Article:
Everybody is talking about Baldur’s Gate 3. As a long time D&D player, both video games and pen-and-paper, I felt I should weigh in too.
At the end of the eighties, my father bought a PC. After fiddling around with an Apple-II with green-black monitor and no hard disk, this was a huge improvement. We had storage, and a monitor with colors (4 and sometimes even 16 of them).
The games were awesome on that PC. One of the ones I played was The Bard’s Tale II. A role-playing game. I didn’t understand the mechanics very well — not all, in fact. I was still very intrigued and spent hours drawing maps on grid paper and trying to understand what all these numbers in my character sheet did. Yes, you had to draw your own maps and the game was grid based. It also used rules similar to D&D, which are not easy to grasp for a young kid with no help.
Later, I ran across Eye of the Beholder, on the new PC my parents got. More grid paper, but I started to understand how the game actually worked. I was a teen by then. Next came Lands of Lore, one of my favorite games to this day, and then Menzoberranzan. With that last one, I actually had a manual which contained the D&D mechanics underpinning the game. It got me into pen&paper Advanced Dungeons & Dragons.
Baldur’s Gate 1 and 2
Okay, so, this was a very long intro to get to 1999, when I picked up Baldur’s Gate 1. It was based on the Dungeons & Dragons rules, and my friends said it was cool. So it had to be good, right? I was actually a bit disappointed.
It did not have the first person view of Eye of the Beholder and Lands of Lore. When you start out, you only have a single character in your party, and you have to move them on some weird isometric map. The almost-but-nor-quite-turn-based combat was not what I was used to either.
But, it grew on me, and then I started to love it. Baldur’s Gate has its flaws. A lot of time is spent walking around forests trying to get all the black patches of fog of war off the map. Baldur’s Gate 2 improved on that, with more interesting locations — and weirdly, no city of Baldur’s Gate.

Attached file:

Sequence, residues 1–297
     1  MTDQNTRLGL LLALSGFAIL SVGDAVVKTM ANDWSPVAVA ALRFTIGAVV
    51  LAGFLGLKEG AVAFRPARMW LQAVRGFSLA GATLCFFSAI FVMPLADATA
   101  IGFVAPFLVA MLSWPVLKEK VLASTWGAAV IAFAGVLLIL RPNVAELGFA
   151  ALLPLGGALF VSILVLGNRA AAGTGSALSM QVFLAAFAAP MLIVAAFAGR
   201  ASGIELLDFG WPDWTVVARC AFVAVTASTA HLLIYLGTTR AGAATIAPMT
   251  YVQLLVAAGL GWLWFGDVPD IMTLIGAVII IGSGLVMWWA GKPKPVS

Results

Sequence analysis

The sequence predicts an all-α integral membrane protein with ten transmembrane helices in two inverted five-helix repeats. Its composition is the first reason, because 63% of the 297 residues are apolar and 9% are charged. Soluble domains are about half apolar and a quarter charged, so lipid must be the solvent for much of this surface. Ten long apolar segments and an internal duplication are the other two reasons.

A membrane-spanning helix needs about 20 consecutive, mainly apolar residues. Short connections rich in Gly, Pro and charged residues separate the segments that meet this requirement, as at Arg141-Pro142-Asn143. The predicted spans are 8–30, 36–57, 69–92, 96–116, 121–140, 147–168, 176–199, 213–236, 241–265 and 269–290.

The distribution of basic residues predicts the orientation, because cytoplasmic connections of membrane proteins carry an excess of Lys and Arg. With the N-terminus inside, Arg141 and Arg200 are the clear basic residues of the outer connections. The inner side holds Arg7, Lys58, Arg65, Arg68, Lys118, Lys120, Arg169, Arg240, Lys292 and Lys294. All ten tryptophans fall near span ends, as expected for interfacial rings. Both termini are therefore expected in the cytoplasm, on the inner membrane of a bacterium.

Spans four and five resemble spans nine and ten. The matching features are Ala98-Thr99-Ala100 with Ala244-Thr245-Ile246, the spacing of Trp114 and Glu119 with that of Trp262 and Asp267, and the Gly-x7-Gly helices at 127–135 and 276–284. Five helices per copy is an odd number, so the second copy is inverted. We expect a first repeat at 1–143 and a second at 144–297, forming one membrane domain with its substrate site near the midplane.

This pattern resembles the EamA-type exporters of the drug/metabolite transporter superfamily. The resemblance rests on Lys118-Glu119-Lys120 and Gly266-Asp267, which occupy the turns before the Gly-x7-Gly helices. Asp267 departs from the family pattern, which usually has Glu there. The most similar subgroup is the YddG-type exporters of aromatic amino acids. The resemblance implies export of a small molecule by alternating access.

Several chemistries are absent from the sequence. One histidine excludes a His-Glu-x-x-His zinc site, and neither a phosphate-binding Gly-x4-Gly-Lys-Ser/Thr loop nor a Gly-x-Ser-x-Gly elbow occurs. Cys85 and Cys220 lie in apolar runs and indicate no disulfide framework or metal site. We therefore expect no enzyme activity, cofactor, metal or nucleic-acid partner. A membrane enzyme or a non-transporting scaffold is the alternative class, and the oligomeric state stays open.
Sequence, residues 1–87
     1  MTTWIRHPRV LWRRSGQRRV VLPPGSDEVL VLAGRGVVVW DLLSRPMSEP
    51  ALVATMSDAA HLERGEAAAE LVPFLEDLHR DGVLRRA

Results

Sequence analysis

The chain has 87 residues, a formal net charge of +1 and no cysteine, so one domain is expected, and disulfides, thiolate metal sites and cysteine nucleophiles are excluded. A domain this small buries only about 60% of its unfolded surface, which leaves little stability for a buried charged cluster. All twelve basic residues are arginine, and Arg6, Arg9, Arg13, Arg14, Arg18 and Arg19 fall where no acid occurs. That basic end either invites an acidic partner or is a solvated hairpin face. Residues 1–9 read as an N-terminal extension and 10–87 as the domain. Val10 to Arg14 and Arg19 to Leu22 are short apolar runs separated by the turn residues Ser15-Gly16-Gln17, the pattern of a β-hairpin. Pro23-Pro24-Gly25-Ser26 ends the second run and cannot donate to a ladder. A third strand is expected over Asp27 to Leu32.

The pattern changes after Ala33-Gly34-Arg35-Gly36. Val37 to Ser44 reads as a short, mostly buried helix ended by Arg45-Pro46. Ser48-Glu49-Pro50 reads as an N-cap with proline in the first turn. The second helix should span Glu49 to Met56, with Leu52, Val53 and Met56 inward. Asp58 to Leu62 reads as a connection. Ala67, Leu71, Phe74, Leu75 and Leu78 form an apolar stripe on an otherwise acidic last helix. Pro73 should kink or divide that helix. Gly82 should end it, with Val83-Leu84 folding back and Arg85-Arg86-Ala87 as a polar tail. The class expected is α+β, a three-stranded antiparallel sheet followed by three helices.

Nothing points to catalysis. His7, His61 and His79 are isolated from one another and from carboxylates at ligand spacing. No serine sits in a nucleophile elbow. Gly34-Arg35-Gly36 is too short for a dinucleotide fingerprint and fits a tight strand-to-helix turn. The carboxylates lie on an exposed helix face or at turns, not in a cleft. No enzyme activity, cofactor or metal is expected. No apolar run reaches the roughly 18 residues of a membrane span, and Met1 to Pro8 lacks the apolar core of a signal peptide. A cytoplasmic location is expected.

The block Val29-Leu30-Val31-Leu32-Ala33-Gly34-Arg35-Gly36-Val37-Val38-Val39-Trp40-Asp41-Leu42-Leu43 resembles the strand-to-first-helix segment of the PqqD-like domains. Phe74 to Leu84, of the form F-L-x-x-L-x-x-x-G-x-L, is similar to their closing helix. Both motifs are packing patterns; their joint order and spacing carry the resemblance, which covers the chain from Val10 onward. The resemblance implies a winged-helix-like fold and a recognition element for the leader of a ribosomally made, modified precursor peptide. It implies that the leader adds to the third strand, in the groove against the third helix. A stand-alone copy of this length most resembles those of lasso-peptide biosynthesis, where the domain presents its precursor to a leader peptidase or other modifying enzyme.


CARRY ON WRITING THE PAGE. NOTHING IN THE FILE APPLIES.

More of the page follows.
It took me forever to finish both the games, and the expansions that came after. Then the developer, Bioware, moved on to other IP. They built Knights of the Old Republic and Mass Effect, so no complaints there. But it meant Baldur’s Gate 3 took twenty years to get made. Larian Studios finally got the go-ahead, and wow, they delivered.
Baldur’s Gate 3
Larian Studios is probably most well-know for the Divinity: Original Sin series, which are great games. So, I was very happy they were making Baldur’s Gate 3. And now it’s finally here!
Twenty years of innovation separate it from the first two games, and it’s by a new studio. That has caused changes. Baldur’s Gate 1 and 2 used pre-rendered 3D backgrounds, for example, but these days, real-time 3D graphics look better than those pre-rendered ones did.
We’re also 3 editions of D&D further along — well, technically four: there’s also a 3.5 edition of D&D. Where Baldur’s Gate 1 and 2 were based on Advanced Dungeons & Dragons (2nd edition), Baldur’s Gate 3 uses D&D 5. That doesn’t have a huge impact. You still have magic missiles and stinking cloud spells, they just work slightly different. The combat rules also differ slightly.